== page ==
Posted by on February 7, 2017

In Buddhism, the Buddha offered “The three proofs”, a standard by which anyone could judge a teaching’s validity. The three proofs are:

  1. Documentary proof means the teaching accord with the Sutras
  2. Theoretical proof means the doctrine of a teaching accords with reason and logic.
  3. Actual proof means that the content of a doctrine is borne out by actual result when put into practice.

The Buddha writes:

“In judging the relative merit of Buddhist doctrines, I, Nichiren, believe that the best standards are those of reason and documentary proof. And even more valuable than reason and documentary proof is the proof of actual fact.”

I believe this evidence hierarchy is applicable to making a betterworld reality. Actual proof – proof people can see with their eyes, interact with their bodies and experience personally – is the best proof for convincing them a betterworld is possible.

Buddha quoteAlthough Copiosis is not a religion, and certain is not Buddhism, I am running Copiosis in part based on The Buddha’s three proofs doctrine. It is this focus, among other things, which separates Copiosis from other betterworld ideas.

The most compelling thing about Copiosis is our focus on producing actual, real-world results showing real-world progress towards our stated goal. We’re not interested in convincing people to believe a certain way or exploring technological theories or future city designs. We’re instead focused on making the transition happen world-wide in the physical world, today.

That makes for a lot of tasks many organizations are not equipped to tackle. Tackling these tasks are at the core of our transition plan. And core among those tasks is our  demonstration project strategy. This post provides an update on our demonstration projects.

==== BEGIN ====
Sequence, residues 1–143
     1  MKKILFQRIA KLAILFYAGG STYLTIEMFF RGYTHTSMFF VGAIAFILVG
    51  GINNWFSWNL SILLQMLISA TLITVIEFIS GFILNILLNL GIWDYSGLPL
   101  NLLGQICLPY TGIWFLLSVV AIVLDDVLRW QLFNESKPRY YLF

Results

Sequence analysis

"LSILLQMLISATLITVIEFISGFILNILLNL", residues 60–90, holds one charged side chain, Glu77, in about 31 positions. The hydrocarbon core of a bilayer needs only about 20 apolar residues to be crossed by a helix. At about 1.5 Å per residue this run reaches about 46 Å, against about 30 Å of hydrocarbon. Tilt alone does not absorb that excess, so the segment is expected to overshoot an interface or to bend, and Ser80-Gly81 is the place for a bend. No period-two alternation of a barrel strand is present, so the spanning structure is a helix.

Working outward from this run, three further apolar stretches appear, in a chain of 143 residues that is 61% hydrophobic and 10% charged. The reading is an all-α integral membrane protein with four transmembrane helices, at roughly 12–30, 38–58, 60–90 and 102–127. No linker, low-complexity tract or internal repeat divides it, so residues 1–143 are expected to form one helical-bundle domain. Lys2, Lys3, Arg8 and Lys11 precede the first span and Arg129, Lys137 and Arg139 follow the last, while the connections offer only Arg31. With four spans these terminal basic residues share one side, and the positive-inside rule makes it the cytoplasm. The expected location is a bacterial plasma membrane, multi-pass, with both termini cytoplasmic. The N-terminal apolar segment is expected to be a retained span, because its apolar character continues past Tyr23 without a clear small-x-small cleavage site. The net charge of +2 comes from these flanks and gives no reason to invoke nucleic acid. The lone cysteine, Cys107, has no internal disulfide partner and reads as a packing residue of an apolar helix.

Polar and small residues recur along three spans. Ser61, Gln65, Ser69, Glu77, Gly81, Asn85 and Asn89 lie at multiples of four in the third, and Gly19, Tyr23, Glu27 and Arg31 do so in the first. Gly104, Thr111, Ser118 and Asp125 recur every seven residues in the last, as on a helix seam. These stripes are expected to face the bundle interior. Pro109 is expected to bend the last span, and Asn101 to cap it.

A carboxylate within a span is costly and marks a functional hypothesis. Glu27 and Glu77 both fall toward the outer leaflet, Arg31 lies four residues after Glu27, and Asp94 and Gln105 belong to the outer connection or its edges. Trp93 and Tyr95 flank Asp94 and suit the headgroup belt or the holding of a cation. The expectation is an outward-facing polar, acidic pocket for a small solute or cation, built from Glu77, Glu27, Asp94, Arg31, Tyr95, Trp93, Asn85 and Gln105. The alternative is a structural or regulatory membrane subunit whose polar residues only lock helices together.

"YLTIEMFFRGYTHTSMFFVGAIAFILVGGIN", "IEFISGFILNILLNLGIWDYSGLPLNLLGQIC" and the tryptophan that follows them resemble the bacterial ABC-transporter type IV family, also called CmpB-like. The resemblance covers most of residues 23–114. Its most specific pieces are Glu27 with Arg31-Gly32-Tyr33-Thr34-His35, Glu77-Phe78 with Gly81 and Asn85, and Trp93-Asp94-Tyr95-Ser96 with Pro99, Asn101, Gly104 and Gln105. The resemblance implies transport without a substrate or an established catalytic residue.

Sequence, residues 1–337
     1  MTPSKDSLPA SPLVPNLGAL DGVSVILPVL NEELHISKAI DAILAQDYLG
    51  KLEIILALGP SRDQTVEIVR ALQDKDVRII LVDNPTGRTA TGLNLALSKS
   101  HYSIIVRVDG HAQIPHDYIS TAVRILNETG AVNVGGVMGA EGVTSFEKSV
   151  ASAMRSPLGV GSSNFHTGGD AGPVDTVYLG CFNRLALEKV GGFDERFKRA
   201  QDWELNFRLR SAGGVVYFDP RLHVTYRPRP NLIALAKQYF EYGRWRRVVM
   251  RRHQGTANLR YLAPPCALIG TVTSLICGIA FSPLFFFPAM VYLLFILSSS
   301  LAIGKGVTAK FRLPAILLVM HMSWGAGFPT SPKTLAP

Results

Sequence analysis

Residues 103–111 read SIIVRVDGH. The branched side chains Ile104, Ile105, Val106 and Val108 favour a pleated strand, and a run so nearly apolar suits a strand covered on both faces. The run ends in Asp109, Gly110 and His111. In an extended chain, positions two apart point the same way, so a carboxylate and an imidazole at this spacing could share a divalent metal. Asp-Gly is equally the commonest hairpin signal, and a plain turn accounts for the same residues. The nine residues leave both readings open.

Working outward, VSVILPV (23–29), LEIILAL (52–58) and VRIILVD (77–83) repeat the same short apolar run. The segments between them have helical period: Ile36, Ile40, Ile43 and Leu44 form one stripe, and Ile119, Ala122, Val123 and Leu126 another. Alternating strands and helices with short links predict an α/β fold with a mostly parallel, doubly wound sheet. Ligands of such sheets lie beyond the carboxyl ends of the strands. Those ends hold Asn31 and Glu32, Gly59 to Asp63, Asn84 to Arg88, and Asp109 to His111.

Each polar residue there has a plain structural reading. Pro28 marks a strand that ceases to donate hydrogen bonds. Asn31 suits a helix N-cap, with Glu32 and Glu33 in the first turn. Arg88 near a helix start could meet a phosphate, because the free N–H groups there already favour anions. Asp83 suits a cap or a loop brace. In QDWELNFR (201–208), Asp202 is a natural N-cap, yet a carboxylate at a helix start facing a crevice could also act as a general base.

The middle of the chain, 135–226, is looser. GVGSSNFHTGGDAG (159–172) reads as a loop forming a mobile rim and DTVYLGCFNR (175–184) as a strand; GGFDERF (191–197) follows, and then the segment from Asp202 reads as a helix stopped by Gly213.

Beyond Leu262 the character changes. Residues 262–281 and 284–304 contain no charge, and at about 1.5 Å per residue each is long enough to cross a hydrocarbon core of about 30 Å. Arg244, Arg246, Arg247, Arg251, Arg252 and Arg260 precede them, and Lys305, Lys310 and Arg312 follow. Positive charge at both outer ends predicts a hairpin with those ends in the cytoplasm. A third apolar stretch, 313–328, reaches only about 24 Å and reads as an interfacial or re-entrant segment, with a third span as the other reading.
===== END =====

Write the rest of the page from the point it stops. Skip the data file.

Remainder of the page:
TL/DR: We’re making progress at the pace of molasses. But that progress is important for future rapid developments.

Demonstration Project Design

We have four distinct types of demonstration projects. The first three we have discontinued in favor of more promising design concepts. The five type of projects are:

Type I – A Minimum Viable Product (MVP) approach organized around a participating for-profit business. The business offers a discount on high-demand products or services designating this discount as a luxury. The majority of participants are business customers, making the discount highly desirable. The Portland/Kenton project was an example of this project.

Type II – An MVP approach organized around a community or group of people wanting to demonstrate Copiosis amongst themselves. There is no central business. Pure interest motivates participation. The Chico project was a Type II project.

Type III – A full-blown approach organized as a live simulation. Type III projects are designed to take place over several hours on a Saturday exposing participants to a full-spectrum  Copiosis simulation. We have not yet launched a Type III project. More on this project type below.

Type IV – A full-blown approach in real life where a community is designed specifically to demonstrate Copiosis. Obviously these are the more ambitious project designs. We have two Type IV projects in development. More on those below.

Learning informs project design

Each successive Type is informed by the previous design. I closed projects in Portland and Chico after it was clear (to me) further progress would not be possible with those design types. I made this decision based on the following growing evidence:

  • Flattening participation numbers